NSCL Directory Profile

Georg Bollen
Experimental Systems Division Director
Experimental Nuclear Physics
 
PhD, Physics, Mainz University 1989
Joined NSCL in June 2000
Phone(517) 908-7715
Fax(517) 353-5967
Office2133
 
Photograph of Georg Bollen

Selected Publications:
"Ion Surfing" with Radiofrequency Carpets. G. Bollen, Int.J. Mass Spectrom. 299 (2011) 131.
doi: 10.1016/j.ijms.2010.09.032

Precision test of the isobaric multiplet
mass equation for the A=32, T=2 quintet,
A.A. Kwiatkowski, et al., Phys. Rev. C80
051302 (2009)

rp Process and Masses of N~Z~34
Nuclides, J. Savory, P. Schury, C.
Bachelet et al. Phys. Rev. Lett. 102
132501 (2009)

The LEBIT 9.4T Penning trap mass
spectrometer, R. Ringle,et al., Nucl.
Instr, Meth. A 604 536 (2009)

Manipulation of rare isotope beams -
from high to low energies, G. Bollen,
et al., Nucl. Instr, Meth. B266 4442 (2008)

Discovery of a nuclear isomer in Fe-65
with Penning trap mass spectrometry,
M. Block, C. Bachelet, G. Bollen et al.,
Phys. Rev. Lett. 100 132501 (2008)

An electron beam ion trap for the
NSCL reaccelerator, S. Schwarz, et al.,
Nucl. Instr, Meth. B266 4466 (2008)
My research interests are related to nuclear and atomic physics with focus on the study of basic properties of atomic nuclei very far away from the valley of stability. A major activity in my group is the determination of the mass of such rare isotopes, which is their most fundamental property. An accurate knowledge of atomic masses is important for revealing the inner structure of exotic nuclei and to provide crucial tests for nuclear model predictions. Atomic masses are one of the key information required for the description of the synthesis of the elements in the universe.

Certain special nuclei are important for testing our understanding of symmetries and the fundamental forces in nature; their masses need to be determined with an accuracy of 10 parts per billion or better. Such high-precision mass measurements have become possible at NSCL with the Low Energy Beam and Ion Trap facility, or LEBIT. This device makes use of very low-energy ions that are obtained by slowing down fast beams from the A1900 through gas-stopping technologies. This technique slows the ions enough that they can be kept floating in a vacuum in a device called an ion trap. Here their mass can be determined with very high precision via the observation of their cyclotron motion in a strong 9.4 Tesla magnetic field. LEBIT, in operation since 2005, has started its mass measurement program very successfully; rare isotopes with half-lives of less than 100 ms have been captured and studied and mass accuracies below 10-8 have been reached. In addition to determining their mass I am interested in atomic spectroscopy of rare isotopes using lasers. This, for example, can provide information on the size and shape of the atomic nucleus. My group is involved in the on-going realization of such a laser spectroscopy facility at NSCL.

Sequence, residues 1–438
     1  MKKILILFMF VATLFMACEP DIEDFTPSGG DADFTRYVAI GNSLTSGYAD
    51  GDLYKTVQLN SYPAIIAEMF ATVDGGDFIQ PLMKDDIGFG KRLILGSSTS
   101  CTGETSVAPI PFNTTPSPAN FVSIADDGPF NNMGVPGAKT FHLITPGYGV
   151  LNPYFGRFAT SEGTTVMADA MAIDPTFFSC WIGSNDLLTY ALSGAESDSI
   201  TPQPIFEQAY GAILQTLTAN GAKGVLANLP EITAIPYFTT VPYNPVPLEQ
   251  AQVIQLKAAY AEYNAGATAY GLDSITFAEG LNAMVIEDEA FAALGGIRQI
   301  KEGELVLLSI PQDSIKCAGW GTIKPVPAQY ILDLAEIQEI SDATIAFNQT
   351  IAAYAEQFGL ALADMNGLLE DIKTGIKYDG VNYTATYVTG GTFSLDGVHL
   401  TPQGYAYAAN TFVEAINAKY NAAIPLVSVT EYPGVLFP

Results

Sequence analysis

Another research area is the development of advanced manipulation techniques for rare isotope beams. Developments of that kind are critical for maximizing the performance of experiments and for creating new experimental opportunities for the study of rare isotopes. My group is working on techniques that allow fast rare isotope beams to be slowed down and converted into low-energy beams efficiently and fast, on beam-cooling and bunching techniques, and on the development of a device that increases the charge state of ions. Such a charge breeder is a key component of the re-accelerator project presently underway at NSCL, which will provide rare isotope beams that are world-unique and add a new and exciting component to the strong research program of NSCL.

The LEBIT ion trap: shown are the gold-plated high-precision electrodes that provide the electric fields needed for capturing and storing rare isotope ions in the 9.4 T field of the LEBIT Penning trap mass spectrometer.